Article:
Each summer when post-secondary student Janelle Nitsiza returned home to Whati from Calgary’s Mount Royal University, she felt she had been missing a part of herself.
“I really did notice that I was losing touch with my culture,” she shared with The Journal. “Everyday things that I would see at home, like my grandma making dry meat or me helping her tan hide, I didn’t get a chance to do that because I didn’t have the resources down south.”
Luckily for Nitsiza, each summer she had the option of taking the award winning Imbe camp, a summer-long program run by the Tlicho government that looks to re-engage high school and post-secondary students with their culture.
Standing out amongst other culture camps, Imbe, which means summer in Tlicho, is based on the philosophy of Chief Jimmy Bruneau, who in the 1970s warned that the Tlicho people must become “strong like two people,” as later articulated by elder Elizabeth Mackenzie.
Predicting that the European world would eventually encroach upon the North, Bruneau suggested the Tlicho learn from the Western way and pursue higher education, all the while keeping firmly in touch with their traditional lifestyles and language.
The Imbe program aims to accomplish Bruneau’s goal by targeting high school and post-secondary students and hitting them with a “blast of culture,” Imbe’s program manager Paul Cressman said.
After three years in the Imbe program, Nitsiza is now the assistant program manager and helps organize the camp with Cressman each year.
“I’ve been part of the program since I was in Grade 11 and every summer I’ve learned from it, I’ve excelled from it, I’ve made friends with people my age and I’ve made friends with elders in the program,” she said.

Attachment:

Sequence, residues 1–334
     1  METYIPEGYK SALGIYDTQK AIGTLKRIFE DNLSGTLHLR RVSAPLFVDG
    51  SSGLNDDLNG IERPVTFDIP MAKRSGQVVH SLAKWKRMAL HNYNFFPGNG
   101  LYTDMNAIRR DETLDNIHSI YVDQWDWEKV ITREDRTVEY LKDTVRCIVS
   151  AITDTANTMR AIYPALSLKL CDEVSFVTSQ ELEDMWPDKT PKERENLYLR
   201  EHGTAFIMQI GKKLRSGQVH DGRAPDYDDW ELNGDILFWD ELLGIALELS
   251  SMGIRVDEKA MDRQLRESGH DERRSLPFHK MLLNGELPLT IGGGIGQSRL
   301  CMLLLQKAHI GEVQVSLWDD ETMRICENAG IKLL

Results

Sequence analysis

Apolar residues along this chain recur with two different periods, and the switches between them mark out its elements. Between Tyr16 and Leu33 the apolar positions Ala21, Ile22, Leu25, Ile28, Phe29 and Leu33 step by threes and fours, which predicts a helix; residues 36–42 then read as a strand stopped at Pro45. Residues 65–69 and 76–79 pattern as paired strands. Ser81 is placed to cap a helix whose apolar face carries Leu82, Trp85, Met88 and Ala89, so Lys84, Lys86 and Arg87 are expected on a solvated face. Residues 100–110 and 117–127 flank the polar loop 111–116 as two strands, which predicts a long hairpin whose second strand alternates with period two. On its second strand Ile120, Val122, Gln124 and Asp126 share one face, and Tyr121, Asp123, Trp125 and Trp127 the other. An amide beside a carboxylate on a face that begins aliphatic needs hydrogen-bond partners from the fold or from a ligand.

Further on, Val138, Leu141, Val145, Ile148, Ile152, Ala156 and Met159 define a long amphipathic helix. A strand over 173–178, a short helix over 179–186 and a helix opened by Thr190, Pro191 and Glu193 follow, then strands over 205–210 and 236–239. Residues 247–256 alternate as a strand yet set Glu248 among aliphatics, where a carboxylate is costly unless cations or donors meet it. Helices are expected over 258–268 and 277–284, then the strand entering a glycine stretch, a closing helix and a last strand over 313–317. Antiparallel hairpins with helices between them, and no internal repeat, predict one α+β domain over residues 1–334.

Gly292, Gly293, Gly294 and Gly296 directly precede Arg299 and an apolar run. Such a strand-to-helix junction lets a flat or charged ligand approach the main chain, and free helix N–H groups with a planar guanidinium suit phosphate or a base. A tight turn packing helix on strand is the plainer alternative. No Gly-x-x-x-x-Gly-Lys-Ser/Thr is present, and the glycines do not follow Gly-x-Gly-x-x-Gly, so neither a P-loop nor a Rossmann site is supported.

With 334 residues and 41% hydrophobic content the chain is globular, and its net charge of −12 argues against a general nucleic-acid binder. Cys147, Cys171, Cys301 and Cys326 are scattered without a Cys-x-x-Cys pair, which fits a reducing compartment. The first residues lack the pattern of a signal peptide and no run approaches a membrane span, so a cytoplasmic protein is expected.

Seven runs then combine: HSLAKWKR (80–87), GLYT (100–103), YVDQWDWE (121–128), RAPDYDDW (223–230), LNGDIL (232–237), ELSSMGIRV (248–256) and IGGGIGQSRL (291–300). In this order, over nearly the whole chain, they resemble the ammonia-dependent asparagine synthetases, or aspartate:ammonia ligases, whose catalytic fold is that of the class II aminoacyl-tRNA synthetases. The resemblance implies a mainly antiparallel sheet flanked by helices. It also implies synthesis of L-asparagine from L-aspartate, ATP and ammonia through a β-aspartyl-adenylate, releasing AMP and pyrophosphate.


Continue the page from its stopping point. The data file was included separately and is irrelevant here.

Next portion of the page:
“I know how some of these first year students feel. The first time you go you’re shy sometimes, and I get them really comfortable and we become friends and we become colleagues. We work together and we learn together,” Nitsiza said.
While the focus for this year’s camp is on-the-land travel, Cressman said language will be an important component of all activities during the camp.
“Because the language is so linked to the land with the place names and the animals and the activities, it’s the ultimate classroom for Tlicho language because the two are so intimately linked,” he said.
Over the next month, Cressman and Nitsiza will employ two group leaders in each Tlicho community. Once chosen, the leaders will be trained for four weeks in May before heading back to their communities to prepare for the camp in July and August.
During the three-week camp, students will be learning from Tlicho elders on the land by fishing, making dry fish, drumming, sewing and storytelling, among other activities.
“The whole point of the program, as I see it, is learning from your elders and learning about the history and learning about the way they do things so we can carry it on,” Nitsiza said.
On top of the traditional knowledge, the students will also take certification courses for canoe safety, firearms safety, GPS navigation and wilderness first aid.
“Traditional skills are seen as the motivating factors that show young people that they have this amazing land right at their doorstep and to motivate them to get back up and practice their culture on the land, and then also give them the safety skills that they need to travel safely,” Cressman said.
The hope is that in the future the Tlicho community will have a qualified workforce that is well versed in both modern education and traditional practices, he said: “Strong like two people.”
To find out more about the Imbe camp, go online to http://tlicho.ca/government/departments/culture-lands-protection/cultural-practices/tlicho-imbe-program
In the Apr. 22 story “Award winning Imbe camp returns this summer” it was incorrectly stated that Chief Jimmy Bruneau warned the Tlicho people to be “strong like two people” in the late 1800s. In fact, Bruneau’s warnings were made in the 1970s and were later articulated as “strong like two people” by elder Elizabeth Mackenzie. The Journal apologizes for this error.